NASA taps MIT to map moon

NASA said last week that MIT will lead a $375 million mission to map the moon and reconstruct its thermal history.

The mission, called the Gravity Recovery and Interior Laboratory (GRAIL) will put two separate satellites into orbit around the moon to precisely map variations in the moon's gravitational pull. These changes will reveal differences in density of the moon's crust and mantle, and can be used to answer fundamental questions about the moon's internal structure and its history of collisions with asteroids, NASA said in a statement.

The mission's technology is a direct spinoff from the current Gravity Recovery and Climate Experiment (GRACE) mission, which has been mapping Earth's gravitational field since 2002. GRAIL measurements of the gravitational field will come from very precise monitoring of changes in the distance between the two satellites, NASA said. The resulting measurements will map the moon's gravitational field up to 1,000 times more accurately than any previous mapping, NASA said. The main new technology needed to make GRAIL possible was a way to calibrate the timing of the satellites accurately, NASA said. The Earth-orbiting GRACE satellites use the GPS satellite navigation system, but there is no such system at the moon. Instead, the team adapted a technique that involves precise monitoring of radio signals originally designed for a different purpose for another planetary mission in development, named Juno.The same technology could be applied to future missions to map the gravitational fields of other interesting worlds such as Mars, where it could reveal the exchange of carbon dioxide between the polar caps and atmosphere or the movement of flowing subsurface water, NASA said.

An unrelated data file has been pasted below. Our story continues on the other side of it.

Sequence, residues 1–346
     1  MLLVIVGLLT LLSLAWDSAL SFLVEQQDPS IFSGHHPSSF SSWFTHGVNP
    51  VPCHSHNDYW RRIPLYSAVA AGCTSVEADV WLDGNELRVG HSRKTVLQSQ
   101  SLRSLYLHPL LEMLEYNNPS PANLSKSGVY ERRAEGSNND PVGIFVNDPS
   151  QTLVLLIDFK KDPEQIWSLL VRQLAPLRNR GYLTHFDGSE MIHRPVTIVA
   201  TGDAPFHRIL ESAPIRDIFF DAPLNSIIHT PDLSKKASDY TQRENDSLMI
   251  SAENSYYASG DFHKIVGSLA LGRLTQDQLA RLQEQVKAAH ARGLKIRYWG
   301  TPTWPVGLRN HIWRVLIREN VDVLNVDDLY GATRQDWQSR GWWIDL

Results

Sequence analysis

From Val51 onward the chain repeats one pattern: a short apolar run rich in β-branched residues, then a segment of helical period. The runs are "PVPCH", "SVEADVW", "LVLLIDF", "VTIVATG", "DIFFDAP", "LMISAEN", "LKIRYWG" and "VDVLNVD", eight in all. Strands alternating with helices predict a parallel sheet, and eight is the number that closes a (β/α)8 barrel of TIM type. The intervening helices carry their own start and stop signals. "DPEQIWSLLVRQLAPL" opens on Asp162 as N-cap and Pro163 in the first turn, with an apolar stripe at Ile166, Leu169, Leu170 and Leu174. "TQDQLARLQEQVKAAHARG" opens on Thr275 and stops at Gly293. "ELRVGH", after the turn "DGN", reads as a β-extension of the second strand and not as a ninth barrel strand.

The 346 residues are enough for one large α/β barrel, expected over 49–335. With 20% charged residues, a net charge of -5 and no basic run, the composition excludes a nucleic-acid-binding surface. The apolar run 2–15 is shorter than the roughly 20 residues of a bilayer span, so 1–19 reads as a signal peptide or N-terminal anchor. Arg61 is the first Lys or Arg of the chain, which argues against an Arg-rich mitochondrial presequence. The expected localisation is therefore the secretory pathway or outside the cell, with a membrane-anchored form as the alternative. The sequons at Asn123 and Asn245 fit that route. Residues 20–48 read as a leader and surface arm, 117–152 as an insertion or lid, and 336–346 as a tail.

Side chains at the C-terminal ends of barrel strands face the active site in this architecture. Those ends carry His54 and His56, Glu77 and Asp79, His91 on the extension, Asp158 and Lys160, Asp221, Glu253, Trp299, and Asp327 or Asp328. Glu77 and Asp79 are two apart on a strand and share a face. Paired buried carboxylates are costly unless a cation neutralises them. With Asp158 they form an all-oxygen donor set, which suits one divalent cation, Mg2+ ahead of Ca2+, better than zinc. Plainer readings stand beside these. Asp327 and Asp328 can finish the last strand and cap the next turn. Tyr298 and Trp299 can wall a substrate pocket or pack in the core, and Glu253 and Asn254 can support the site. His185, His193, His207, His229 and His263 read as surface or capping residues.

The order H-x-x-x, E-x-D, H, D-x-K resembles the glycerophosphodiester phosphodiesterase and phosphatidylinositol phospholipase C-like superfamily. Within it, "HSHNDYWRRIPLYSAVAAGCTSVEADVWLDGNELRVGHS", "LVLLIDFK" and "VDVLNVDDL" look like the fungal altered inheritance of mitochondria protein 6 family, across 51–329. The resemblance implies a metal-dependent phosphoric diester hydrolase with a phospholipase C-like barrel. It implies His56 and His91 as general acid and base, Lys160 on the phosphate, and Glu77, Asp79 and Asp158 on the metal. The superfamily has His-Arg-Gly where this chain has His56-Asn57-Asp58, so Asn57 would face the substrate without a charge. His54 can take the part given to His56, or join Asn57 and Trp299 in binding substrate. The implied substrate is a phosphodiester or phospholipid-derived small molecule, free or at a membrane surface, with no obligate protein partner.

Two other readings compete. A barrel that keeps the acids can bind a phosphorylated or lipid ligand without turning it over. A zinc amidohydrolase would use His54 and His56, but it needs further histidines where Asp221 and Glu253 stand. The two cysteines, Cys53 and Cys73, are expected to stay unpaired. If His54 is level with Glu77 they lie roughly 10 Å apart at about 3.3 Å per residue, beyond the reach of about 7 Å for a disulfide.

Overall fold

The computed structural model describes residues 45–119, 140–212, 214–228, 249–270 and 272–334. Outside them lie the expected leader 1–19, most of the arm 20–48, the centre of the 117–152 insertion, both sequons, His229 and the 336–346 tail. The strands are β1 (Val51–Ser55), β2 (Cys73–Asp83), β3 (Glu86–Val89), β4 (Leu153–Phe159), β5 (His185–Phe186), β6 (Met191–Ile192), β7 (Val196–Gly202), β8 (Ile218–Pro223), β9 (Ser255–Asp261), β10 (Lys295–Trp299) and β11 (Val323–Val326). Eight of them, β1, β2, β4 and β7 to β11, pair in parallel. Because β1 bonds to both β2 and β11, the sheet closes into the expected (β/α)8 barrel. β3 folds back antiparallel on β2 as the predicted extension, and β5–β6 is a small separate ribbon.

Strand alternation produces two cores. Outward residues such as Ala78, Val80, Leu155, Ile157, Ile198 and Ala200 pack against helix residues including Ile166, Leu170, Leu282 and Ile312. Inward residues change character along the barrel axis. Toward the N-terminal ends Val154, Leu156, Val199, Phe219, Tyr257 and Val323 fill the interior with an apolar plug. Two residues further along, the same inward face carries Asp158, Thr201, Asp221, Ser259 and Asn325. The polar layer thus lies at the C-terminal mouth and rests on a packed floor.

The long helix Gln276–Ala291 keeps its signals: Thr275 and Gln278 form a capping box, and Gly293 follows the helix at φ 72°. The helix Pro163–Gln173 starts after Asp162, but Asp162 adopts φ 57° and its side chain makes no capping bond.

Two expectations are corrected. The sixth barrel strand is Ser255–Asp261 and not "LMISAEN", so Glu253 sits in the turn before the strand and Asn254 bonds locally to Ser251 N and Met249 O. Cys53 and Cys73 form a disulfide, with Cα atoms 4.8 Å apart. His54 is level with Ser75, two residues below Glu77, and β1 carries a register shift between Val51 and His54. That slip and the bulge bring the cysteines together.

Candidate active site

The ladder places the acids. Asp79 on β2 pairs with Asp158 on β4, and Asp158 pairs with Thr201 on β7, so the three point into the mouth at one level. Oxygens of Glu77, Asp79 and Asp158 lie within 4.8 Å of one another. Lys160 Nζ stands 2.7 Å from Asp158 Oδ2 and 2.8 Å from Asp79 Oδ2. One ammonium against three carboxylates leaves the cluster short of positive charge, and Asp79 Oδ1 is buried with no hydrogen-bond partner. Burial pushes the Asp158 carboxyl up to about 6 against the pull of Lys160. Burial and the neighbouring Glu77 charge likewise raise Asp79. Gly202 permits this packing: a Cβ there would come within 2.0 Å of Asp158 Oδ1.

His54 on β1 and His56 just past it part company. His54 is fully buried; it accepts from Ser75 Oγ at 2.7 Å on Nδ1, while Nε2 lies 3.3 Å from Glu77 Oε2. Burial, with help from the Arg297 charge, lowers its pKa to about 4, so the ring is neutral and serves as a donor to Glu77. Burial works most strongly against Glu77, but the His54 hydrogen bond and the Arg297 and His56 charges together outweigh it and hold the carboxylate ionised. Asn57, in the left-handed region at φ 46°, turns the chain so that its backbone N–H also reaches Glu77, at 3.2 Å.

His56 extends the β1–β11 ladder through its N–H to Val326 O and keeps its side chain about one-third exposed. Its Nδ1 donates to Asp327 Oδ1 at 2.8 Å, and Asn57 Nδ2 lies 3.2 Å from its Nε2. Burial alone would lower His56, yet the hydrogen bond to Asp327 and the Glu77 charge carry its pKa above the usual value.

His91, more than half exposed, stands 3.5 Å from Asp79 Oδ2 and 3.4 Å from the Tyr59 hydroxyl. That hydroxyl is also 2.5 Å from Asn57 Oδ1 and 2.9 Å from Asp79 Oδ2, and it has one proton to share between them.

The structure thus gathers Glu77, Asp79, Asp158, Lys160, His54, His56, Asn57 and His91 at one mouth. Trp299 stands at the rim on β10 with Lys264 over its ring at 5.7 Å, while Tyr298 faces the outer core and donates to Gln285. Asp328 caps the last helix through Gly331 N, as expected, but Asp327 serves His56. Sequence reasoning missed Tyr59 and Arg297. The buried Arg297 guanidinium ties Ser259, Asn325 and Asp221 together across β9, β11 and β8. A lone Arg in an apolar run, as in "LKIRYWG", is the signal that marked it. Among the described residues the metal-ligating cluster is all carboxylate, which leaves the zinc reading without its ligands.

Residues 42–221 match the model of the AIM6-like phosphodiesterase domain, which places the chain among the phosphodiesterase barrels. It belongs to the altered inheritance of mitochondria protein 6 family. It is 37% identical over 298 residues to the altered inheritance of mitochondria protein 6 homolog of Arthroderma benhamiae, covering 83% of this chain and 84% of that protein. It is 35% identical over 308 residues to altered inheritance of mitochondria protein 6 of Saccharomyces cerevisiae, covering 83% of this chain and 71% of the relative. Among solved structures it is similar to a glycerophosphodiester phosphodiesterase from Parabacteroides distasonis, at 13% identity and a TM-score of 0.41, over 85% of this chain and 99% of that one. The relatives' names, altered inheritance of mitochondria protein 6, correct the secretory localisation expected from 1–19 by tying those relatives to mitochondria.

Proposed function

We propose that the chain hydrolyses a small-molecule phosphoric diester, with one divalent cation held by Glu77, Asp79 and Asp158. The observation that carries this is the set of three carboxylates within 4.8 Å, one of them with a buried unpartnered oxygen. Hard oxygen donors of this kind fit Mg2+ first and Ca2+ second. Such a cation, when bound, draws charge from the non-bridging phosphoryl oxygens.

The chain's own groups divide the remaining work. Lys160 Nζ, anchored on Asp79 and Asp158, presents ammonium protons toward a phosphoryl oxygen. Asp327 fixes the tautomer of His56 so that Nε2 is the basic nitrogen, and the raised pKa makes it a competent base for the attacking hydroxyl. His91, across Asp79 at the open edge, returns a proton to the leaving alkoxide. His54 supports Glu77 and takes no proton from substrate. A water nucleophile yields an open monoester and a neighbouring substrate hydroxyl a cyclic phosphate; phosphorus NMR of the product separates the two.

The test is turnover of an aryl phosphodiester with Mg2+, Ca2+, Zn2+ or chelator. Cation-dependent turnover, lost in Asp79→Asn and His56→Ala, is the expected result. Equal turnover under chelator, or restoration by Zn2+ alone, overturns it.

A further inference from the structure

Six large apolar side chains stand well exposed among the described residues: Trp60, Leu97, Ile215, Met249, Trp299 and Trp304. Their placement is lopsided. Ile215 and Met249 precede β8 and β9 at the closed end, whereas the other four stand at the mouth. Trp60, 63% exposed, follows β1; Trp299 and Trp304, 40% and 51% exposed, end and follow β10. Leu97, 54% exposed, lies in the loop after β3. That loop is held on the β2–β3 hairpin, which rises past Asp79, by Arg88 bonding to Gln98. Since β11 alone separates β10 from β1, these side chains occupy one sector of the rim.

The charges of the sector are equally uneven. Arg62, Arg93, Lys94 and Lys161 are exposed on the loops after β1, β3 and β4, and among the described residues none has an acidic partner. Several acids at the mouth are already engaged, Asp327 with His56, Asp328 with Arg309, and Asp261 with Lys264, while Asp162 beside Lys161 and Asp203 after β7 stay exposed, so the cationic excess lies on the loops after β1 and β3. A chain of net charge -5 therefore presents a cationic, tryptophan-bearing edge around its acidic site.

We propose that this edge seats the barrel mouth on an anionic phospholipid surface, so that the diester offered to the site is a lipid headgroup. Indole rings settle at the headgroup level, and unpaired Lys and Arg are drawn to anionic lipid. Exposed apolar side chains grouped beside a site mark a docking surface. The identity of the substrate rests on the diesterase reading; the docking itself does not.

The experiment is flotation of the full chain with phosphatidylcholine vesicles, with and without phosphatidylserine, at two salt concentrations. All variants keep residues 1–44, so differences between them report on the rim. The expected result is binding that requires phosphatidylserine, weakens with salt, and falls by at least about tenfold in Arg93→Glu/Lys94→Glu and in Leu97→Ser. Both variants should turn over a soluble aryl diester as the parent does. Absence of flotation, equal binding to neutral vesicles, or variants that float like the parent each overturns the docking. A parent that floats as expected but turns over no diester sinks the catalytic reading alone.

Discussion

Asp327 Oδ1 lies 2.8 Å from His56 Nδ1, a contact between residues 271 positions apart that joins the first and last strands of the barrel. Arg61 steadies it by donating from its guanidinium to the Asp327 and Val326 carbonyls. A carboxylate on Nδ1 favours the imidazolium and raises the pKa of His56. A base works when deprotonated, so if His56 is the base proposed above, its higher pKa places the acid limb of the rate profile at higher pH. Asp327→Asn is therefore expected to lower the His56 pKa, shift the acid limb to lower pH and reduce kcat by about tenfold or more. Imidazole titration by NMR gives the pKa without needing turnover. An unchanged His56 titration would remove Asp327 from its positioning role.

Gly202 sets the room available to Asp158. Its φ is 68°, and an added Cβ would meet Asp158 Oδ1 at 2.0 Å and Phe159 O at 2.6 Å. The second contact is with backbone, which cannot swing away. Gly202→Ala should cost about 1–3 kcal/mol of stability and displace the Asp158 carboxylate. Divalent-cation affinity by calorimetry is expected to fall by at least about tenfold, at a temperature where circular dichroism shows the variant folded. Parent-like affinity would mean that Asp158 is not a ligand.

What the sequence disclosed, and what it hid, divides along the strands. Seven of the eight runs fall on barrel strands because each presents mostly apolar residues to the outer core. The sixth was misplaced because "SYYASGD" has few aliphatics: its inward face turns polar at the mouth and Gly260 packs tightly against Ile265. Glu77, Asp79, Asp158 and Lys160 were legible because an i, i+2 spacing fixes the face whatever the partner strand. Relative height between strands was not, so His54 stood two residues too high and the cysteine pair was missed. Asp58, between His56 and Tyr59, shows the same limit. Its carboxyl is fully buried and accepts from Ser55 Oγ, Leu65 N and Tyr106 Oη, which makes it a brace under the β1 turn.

The lunar gravity information will let any future manned or unmanned missions to land on the moon. Such data will be used to program the descent to the surface to avoid a crash landing and will also help target desirable landing sites, NASA said. The mission's technology could eventually be used to explore other interesting worlds such as Mars.NASA is looking to learn all it can about the moon. For example, such fundamental questions as whether or not the moon has a separate, differentiated core, as Earth does, are unknown, NASA said. GRAIL should also reveal details about lunar history, including the relative timing and effects of the myriads of huge impacts that created the craters and basins seen on the surface today.

The moon, with its airless, un-eroded surface, serves as a kind of Rosetta Stone for understanding the history of all the solar system's inner planets-Mercury, Venus, Earth and Mars-so the mission should also help to unlock secrets of the evolution of all these planets, NASA said.

The GRAIL satellites will be built and operated by Lockheed Martin Space Systems of Denver, Colo. NASA's Jet Propulsion Laboratory in Pasadena, Calif., will handle project management and development of the communications and navigation systems.

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